By Nehi Igbinijesu.
The Nigeria Police is the national police of Nigeria with complete jurisdiction across the entire country. The history of the Nigeria Police is closely interwoven with the formation of colonies and protectorates that were later fused to become Nigeria in 1914. It began in 1861 when Lagos became a Crown Colony of the United Kingdom with a thirty member consular guard. In 1879, a 1,200-member paramilitary Constabulary was formed to police the Hausa speaking parts of Northern Nigeria while the Niger Coast Constabulary was formed in Calabar to police the newly proclaimed Niger Coast Protectorate in 1894. The Lagos Police was established in 1896. In the north, the Royal Nigeria Company under the leadership of Lord Aberdare constituted the Royal Niger Company Constabulary in 1888 to police its territory.
At the proclamation of the Protectorates of Northern and Southern Nigeria in the 1900s, the many police outfits where merged into the Southern Nigeria Police and the Northern Nigeria Police which were further fused into one outfit in 1930 after the amalgamation of Northern and Southern Nigeria in 1914.
During the colonial era, policing was very local in its nature, most it being administered from the native authorities. The socio-political challenges of the early 1960s were responsible for regionalizing the police and later nationalizing it during the First Republic.
Section 194 of the 1979 Constitution gave constitutional credence to the Nigeria Police designating it as, the Nigeria Police Force. It has over the last thirty years undergone a lot of reorganization with the creation of special units and designated departments, notable among which are the Police Mobile Force and the Anti-Terrorism Response Squad.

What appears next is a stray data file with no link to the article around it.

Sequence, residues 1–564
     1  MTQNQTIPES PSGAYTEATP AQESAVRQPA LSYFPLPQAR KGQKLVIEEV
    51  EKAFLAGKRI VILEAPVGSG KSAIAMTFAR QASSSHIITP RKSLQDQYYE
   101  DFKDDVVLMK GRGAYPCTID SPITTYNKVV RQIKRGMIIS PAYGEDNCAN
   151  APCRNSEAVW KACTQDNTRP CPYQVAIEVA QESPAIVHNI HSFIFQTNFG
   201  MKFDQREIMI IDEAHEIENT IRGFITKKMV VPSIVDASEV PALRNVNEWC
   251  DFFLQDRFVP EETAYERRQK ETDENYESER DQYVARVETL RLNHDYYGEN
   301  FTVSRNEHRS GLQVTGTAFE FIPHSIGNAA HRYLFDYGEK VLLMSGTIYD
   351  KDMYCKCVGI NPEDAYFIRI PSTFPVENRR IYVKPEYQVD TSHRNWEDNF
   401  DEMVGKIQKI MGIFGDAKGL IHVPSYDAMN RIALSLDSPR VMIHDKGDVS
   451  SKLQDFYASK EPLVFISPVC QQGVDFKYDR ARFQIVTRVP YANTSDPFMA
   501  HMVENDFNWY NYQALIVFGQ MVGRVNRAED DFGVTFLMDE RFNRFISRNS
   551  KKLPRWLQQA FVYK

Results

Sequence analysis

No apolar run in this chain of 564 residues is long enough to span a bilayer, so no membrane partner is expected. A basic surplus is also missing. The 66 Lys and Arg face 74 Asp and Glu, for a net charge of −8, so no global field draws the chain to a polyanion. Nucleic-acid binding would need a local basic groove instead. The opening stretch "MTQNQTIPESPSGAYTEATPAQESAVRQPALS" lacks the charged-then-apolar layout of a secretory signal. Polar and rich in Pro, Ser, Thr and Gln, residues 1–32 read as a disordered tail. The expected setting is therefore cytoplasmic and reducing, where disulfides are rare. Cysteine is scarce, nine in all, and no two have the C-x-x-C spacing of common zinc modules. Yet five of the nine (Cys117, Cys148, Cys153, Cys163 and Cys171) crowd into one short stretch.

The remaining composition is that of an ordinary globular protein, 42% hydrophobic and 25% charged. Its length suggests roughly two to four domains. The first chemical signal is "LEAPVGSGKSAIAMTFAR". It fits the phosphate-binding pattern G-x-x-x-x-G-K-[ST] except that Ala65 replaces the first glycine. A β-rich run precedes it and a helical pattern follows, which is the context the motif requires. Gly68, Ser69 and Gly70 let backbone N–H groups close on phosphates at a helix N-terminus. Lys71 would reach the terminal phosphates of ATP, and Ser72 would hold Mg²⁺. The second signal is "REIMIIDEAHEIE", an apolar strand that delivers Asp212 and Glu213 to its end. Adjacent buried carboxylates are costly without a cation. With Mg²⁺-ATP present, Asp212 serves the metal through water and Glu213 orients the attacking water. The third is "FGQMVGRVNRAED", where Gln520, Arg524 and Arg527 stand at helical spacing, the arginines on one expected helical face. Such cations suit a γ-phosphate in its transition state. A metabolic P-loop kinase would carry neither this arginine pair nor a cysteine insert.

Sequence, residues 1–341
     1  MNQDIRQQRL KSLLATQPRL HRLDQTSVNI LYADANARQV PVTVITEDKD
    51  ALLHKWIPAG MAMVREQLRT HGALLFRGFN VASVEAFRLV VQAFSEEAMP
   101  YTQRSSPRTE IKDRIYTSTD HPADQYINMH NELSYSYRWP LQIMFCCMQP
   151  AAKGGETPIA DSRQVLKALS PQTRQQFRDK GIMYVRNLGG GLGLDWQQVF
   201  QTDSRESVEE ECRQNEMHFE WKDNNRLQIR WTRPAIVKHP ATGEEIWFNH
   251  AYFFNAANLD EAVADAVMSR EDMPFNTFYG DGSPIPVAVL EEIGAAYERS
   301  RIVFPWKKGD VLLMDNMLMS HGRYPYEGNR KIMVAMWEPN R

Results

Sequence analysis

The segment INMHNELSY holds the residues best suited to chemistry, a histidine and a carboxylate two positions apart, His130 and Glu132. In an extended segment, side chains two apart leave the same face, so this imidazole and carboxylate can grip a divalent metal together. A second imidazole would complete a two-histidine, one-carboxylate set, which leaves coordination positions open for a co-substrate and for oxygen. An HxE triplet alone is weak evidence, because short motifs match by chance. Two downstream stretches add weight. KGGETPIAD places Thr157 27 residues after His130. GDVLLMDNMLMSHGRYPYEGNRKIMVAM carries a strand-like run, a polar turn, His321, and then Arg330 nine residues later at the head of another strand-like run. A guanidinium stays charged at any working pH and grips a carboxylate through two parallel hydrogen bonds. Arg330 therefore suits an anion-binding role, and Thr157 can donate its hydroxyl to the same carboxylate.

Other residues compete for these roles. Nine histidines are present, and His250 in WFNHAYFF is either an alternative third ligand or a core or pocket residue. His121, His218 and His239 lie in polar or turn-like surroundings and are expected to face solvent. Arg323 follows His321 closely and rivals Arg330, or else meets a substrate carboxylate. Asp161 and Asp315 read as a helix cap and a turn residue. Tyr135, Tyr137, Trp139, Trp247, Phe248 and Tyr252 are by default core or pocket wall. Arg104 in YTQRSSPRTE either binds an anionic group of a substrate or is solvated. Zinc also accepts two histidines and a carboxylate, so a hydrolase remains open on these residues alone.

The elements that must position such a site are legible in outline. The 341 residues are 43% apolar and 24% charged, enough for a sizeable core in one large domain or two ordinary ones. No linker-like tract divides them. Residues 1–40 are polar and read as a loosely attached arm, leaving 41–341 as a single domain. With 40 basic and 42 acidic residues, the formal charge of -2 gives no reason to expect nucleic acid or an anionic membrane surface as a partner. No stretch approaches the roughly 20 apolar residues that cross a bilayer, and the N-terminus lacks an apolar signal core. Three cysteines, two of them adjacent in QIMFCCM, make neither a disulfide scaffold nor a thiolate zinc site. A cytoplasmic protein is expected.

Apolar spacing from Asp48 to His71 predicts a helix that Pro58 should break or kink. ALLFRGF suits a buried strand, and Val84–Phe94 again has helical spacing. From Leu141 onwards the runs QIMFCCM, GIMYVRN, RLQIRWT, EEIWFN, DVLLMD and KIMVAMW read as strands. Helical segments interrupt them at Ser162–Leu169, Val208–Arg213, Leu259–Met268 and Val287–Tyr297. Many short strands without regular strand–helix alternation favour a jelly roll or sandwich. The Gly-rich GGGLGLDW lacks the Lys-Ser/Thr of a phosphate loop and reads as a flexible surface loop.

The NPF is overseen by an Inspector-General, appointed at the discretion of the President and is solely liable for the maintenance of law and order with our borders.The Nigerian Constitution also provides for a Police Service Commission which is solely responsible for the formulation of policies, finance, promotions and administration of the Police Force.
The NPF has won several awards for its sterling performances at peace-keeping operations. It is however often repudiated for its poor pay which has been more responsible for cases of excessive corruption and extortion among policemen today.
On 1 February 2002, the Nigerian Union of Policemen called a strike to protest unpaid back wages. President Obasanjo called it a mutiny citing that the policemen’s abdication of their duties was not only unpatriotic but insensitive; giving that the country had lost a lot of lives in the days before when munitions at the Ikeja Cantoment went off without being triggered on January 27.
Many controversial debates have arisen on the floors of both legislative houses of the National Assembly about policing in Nigeria particularly, the issues of community policing and the renaming of the Nigeria Police Force to the Nigeria Police Service. But no legislation has yet been passed to address some of these issues.